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supporting/tying up climbing hydrangea

Posted by lalala 6 (Metro Boston) (My Page) on
Sat, Apr 10, 10 at 9:05

I have a climbing hydrangea that is supposed to be climbing up a stone wall, but doesn't want to stick. So I'm going to install something to support it. A man at the garden center suggested using masonry screws with metal wire running between them. He said to use something like old rubber tubing to protect the plant at the spots where we tie the plant to it. Does that sound right? Would something like a nylon strap work better since it won't rust?

Follow-Up Postings:

RE: supporting/tying up climbing hydrangea

How big is the plant? From what I've read, they often need some time to build up their base before they really start climbing. You might consider just pruning shoots that are heading in the opposite direction in order to direct its growth.

RE: supporting/tying up climbing hydrangea

Rather than using wire, use a high test fishing line. Just as strong and durable and won't heat up to burn the plant in hotter weather. And doesn't rust. Use whatever tie material you use to train any other plants or vines - I prefer that stretchy garden tape but even old pantyhose work, or twine, etc. Make sure there is some play or slack in the tie. That's why I like the stretchy stuff. Rubber tubing may be overkill :-) Too bulky and heavy.

RE: supporting/tying up climbing hydrangea

  • Posted by lalala 6 (Metro Boston) (My Page) on
    Sat, Apr 10, 10 at 11:40

thanks! the plant is pretty big--several years old. It was neglected before we moved in to our house, and had flopped over, so we're trying to re-train it.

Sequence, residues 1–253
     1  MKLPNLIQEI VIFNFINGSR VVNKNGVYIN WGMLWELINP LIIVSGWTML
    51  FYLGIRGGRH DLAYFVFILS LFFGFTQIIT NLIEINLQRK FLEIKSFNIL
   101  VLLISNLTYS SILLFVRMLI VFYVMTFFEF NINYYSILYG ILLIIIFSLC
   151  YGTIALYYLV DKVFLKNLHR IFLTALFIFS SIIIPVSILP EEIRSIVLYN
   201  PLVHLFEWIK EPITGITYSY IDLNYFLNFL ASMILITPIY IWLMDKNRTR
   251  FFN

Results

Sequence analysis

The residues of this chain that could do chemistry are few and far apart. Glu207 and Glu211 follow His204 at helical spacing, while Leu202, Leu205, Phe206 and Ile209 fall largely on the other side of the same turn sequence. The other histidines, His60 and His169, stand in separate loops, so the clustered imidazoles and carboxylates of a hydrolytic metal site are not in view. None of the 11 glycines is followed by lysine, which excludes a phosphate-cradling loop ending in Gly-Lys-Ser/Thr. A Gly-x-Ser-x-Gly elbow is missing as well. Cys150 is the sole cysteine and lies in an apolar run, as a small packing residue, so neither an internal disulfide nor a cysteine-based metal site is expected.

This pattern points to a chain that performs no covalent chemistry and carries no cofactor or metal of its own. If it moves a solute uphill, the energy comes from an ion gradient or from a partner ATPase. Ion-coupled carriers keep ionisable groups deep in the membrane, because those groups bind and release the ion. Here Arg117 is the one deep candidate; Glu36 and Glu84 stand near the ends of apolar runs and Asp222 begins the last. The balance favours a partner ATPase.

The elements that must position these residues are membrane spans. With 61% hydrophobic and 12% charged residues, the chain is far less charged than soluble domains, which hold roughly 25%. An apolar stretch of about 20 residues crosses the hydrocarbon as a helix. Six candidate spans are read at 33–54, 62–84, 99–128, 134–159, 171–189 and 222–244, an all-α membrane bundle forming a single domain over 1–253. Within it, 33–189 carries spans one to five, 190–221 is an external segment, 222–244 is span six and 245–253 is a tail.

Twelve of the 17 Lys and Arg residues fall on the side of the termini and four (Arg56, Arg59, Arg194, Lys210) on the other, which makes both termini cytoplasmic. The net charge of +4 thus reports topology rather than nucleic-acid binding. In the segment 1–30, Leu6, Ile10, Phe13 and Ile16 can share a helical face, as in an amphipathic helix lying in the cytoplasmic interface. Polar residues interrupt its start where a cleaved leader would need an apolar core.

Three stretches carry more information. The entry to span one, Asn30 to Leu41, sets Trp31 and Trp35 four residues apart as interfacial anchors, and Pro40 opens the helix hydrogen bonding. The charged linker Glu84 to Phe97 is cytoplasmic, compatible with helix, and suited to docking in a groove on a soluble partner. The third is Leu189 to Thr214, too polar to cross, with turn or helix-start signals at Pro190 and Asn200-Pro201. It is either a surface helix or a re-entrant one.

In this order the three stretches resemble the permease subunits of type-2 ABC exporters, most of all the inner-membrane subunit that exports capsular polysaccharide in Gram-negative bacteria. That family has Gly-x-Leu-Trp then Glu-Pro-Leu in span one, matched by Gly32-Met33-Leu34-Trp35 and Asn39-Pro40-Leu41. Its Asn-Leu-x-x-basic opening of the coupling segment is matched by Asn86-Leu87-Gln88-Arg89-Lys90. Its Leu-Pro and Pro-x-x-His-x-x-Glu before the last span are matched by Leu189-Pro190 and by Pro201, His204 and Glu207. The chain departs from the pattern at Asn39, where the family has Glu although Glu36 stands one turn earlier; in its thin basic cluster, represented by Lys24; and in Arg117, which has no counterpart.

Fishing line sounds good...will try that!

RE: supporting/tying up climbing hydrangea


I have the same issue - moved into to a house with a very well established but neglected climbing hydrangea. There are two or three against a wall and the main branches are as thick as my arm however, the entire thing seems to have grow away from the house and is not clinging.

I noticed that there are a lot of shoots very low that wre growing on the wall but the main stems/branches seem to have been growing away and it is top heavy, falling away from the wall.

Should I retrain it by using wire etc. or should I cut it back dramatically and then provide is something some support?


RE: supporting/tying up climbing hydrangea

  • Posted by lalala 6 (Metro Boston) (My Page) on
    Sun, Apr 11, 10 at 21:10

Just wanted to follow up and tell you what we ended up doing today. We installed eye hooks into the mortar between the stones (this is a stone wall in the yard, not a wall of the house) and threaded aluminum wire through to make two parallel horizontal lines of wire about 6-8 feet long. I was initially going to use the fishing line but had some trouble finding fishing line...hope the wire is ok. We left a little slack in the wire. Then we used green velcro plant tie tape to tie the hydrangea to the wires. The branches are generally not touching the wire with any tension--the tape gets all the stress--so I don't think the wire will cut into anything. The main branches are maybe two inches thick, so not nearly as large as yours, bdot. We managed to get the large branches quite stably attached, and almost all of the small branches as well. Pruned off just a few that were growing straight out. Let's hope the new growth starts attaching itself now that it has a chance.

Thanks for the advice.

RE: supporting/tying up climbing hydrangea

sounds like you did a bang up job. just as food for thought, i was going to suggest plastic melon netting. alot stronger than you might think; you could drape it over the wall and secure it however (on the ground w staples or w your masonry screws.) weave in the stems to get them started; they'll take over from there, then you can cut it where and whenever it suits you.

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